⑥ Instead of starting line number from 1 start it with some other number. It’s useful when you use :lines:, :start-after:, and :end-before:.
We have a plug-in installed that enables annotated code blocks. Below is an example.
.. callout:: ① .. code-block:: python ② import numpy as np # <1> ③ import math # <2> .. annotations:: ④ <1> Comment #1 ⑤ <2> Comment #2 .. annotations:: ① Indent everything under a `callout` ② Create a normal block for what you want to annotate ③ Add ``<number>`` everywhere you want to annotate. Put it under a comment block if you want the code to run when copied directly. ④ Create an `annotations` block to hold your callout comments ⑤ Create an entry, separating each with a blank line and prefixing them with ``<number>``
import numpy as np # ① import math # ②
① Comment #1
② Comment #2
In the example, I inserted the invisible UTF character U+FEFF after the opening
< to avoid it being
interpreted as a callout symbol. Be sure to remove that character if you attempt to copy-and-paste the
We have three types of links to use in sphinx,
External links (http(s) links).
Implicit links to title (within same rst file).
Explicit links (labels that can be used anywhere in the project).
For a simple link to a site the format is
this will be rendered as www.beagleboard.org.
You can also include a label to the link as shown below.
this will be rendered as BeagleBoard.org.
These are basically the headings inside the rst page which can be used as a link to that section within document.
when rendered it becomes Links
Explicit is not accurate here.
These are special links you can assign to a specific part of the document and reference anywhere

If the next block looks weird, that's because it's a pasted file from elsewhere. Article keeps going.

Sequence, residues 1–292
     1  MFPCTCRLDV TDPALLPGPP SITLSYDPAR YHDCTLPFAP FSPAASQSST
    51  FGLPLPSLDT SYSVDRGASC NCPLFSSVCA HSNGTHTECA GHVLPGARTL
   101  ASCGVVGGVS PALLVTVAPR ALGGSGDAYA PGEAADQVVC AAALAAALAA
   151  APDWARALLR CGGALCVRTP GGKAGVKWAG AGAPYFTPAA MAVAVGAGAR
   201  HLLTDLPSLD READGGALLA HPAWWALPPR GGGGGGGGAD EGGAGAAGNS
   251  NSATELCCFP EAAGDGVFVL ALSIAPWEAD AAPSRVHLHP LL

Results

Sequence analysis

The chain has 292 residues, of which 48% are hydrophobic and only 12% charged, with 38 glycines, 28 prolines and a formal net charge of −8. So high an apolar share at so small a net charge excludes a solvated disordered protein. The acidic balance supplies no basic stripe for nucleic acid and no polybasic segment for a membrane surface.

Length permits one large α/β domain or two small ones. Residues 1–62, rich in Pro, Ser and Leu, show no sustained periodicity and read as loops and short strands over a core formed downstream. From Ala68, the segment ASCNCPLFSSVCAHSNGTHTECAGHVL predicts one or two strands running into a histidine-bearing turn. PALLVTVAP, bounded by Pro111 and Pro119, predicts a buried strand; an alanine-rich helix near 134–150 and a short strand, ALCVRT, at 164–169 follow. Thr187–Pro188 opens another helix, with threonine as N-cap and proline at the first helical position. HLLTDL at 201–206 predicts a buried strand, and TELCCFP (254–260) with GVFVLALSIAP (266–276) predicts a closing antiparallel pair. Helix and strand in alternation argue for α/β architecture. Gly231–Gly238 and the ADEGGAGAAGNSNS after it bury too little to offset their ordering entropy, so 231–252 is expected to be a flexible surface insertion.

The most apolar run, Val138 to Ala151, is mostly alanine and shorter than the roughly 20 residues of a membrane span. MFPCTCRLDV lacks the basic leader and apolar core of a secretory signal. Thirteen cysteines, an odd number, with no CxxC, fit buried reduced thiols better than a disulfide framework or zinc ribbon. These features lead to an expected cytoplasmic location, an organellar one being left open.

in the project unlike implicit links which can be used only within the document they are defined.
On top of each page you’ll see some text like
.. _rst-cheat-sheet: is used to create a
label for this chapter. These are called the explicit links amd you can reference these using
This can be used inside or outside of the document and the rendered link will take you directly to that specific section.
When rendered it becomes ReStructuredText Cheat Sheet.
This section shows you the typical way of adding a YouTube video to docs.BeagleBoard.org in a way that you see on page playable embedded YouTube video when you look at HTML version of the docs and only a clicable thumnail linked to the YouTube video when you see the PDF.
.. only:: latex .. image:: https://img.youtube.com/vi/<YouTube_video_ID>/maxresdefault.jpg ① :alt: BeagleConnect unboxing YouTube video :width: 1280 :target: https://www.youtube.com/watch?v=<YouTube_video_ID> ② .. only:: html .. raw:: html <iframe style="display: block; margin: auto;" width="1280" height="720" style="align:center" src="https://www.youtube.com/embed/<YouTube_video_ID>" ③ title="YouTube video player" frameborder="0" allow="accelerometer; autoplay; clipboard-write; encrypted-media; gyroscope; picture-in-picture; web-share" allowfullscreen> </iframe>
① ② ③ Here you have to replace the <YouTube_video_ID> with your actual youtube ID.